But on the spring 2022 test, 45% of those students scored “well below” proficiency. Twenty-three percent scored “below” and about 24% of students either met or exceeded math proficiency.
Black youth reading scores are also down. On the third grade English language arts standardized test in spring 2022, nearly 32% of Black males scored proficient or better, about 16 percentage points below the district’s goal. But compared to 2019, when about 30% of Black male students scored proficient, the results were stable.
For English language arts, the district’s target is for 70% of Black male third graders to score proficient by spring 2024.
The pandemic has hindered this work. Even though the last school year was in person, there were many disruptions, said Luke Justice, project manager of continuous improvement in early literacy. “COVID outbreaks at schools resulted in mass teacher absences, substitute rates were abysmal in many schools, you had principals covering classes. In some sense we’re feeling like this [school] year is getting close to a return to normalcy.”
To reach math goals, there’s a possibility the district will have to reconsider its timeline.
“In math, it is even a little bit more concerning in terms of where we are with the data — but to note we just started this summer with formally launching our very specific efforts,” said Caleb Perkins, executive director of college and career readiness.
SPS is also monitoring math and English standardized test results for students of color, multilingual learners and students with individualized education programs. IEPs are legal documents for students who need specialized learning resources. Students are regularly assessed, and IEPs detail each student’s needs.
There is a lot of weight put on SBA scores to monitor progress, but the district’s math and reading analysis also put an emphasis on improving students’ perception of math and reading, plus increasing access to advanced courses.
“The bottom line is we need to dramatically improve our system to promote literacy and math outcomes,” Perkins said.
The student experience
When they walk into the Hawthorne Elementary School office, students see an image of Vice President Kamala Harris, the first woman, the first African American and the first Asian American to hold that office.
In the illustration, Harris’ shadow is of a young girl, Ruby Bridges — the first Black student to desegregate an all-white Louisiana school. Bridges later became a civil rights activist.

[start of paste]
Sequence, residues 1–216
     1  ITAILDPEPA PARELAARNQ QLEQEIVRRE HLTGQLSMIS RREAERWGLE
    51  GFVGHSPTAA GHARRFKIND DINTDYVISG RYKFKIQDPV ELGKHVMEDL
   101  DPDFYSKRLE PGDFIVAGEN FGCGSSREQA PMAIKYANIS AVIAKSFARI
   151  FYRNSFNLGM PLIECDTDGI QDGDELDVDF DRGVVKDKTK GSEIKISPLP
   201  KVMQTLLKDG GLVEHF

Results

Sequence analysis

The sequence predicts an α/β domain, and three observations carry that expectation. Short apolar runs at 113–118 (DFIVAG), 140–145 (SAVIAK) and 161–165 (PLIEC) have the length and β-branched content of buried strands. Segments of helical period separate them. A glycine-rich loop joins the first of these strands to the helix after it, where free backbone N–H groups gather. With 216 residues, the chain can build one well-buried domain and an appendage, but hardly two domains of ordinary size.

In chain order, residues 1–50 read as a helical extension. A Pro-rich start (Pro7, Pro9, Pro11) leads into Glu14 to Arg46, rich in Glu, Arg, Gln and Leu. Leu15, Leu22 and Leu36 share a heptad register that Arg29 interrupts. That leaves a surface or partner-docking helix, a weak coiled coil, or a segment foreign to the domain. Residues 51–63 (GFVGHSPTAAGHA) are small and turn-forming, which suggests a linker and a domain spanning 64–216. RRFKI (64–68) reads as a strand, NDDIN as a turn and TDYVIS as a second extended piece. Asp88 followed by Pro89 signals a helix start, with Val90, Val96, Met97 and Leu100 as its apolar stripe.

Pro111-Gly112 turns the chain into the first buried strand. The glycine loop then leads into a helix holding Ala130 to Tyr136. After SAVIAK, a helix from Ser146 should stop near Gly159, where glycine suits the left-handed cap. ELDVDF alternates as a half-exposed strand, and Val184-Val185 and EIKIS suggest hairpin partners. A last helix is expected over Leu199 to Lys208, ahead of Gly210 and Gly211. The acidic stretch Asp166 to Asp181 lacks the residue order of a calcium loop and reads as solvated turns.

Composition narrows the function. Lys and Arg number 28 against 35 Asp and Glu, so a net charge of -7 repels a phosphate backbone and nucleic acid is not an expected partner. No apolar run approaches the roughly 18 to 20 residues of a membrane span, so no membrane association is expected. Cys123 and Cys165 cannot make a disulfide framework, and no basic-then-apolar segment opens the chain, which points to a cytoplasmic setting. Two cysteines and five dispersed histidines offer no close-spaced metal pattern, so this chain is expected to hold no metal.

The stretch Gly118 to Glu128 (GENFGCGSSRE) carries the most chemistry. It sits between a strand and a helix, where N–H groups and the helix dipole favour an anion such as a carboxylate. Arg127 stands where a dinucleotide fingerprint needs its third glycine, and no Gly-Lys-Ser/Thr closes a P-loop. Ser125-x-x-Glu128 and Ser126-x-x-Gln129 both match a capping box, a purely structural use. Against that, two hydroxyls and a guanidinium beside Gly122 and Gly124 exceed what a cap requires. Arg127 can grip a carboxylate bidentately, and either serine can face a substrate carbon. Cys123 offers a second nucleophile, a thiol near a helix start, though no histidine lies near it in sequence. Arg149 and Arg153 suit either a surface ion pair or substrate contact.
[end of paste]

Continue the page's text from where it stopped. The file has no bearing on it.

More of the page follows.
And the fifth graders in Pitts’ class also see photos and inspirational quotes from other Black trailblazers — Nelson Mandela, Martin Luther King Jr., Bessie Coleman, Rosa Parks and Malcolm X.
It’s a way for students to see people who have achieved so much and also look like them. It also aligns with Seattle Schools’ mission to be an anti-racist institution.
Evaluating student experience and well-being is another major part of Seattle Schools’ initiative to improve outcomes from what officials call students furthest from educational justice — students of color, multilingual learners, and students with individualized education programs — with an emphasis on Black male students.
This is the first time SPS is evaluating progress based on student experiences. About a year ago, the district released a 29-page report, “Our Voice Our Vision: Strategies for Honoring and Supporting Black Excellence In Seattle Public Schools,” that recommended how to improve academic outcomes for Black youth. From August 2020 to April 2021, Office of African American Male Achievement leaders and students led 28 focus groups with Black teens and their families.
District officials said they have continued to use the information from these focus groups to develop five strategies to improve math outcomes. A climate survey has also been given out to students as a way to track the student experience.
But so far the climate survey has more to do with how well students think they will do in classes. And the results don’t align with the low-performing SBA scores. Based on survey results, about 82% of African American males in grades sixth through eighth either “strongly agree,” “agree” or “kind of agree” they will do well in any math classes they take.
Surveys of students on reading show that more than half of Black male students either enjoy reading, are confident in their reading skills, or both.
Moving forward with 5 strategies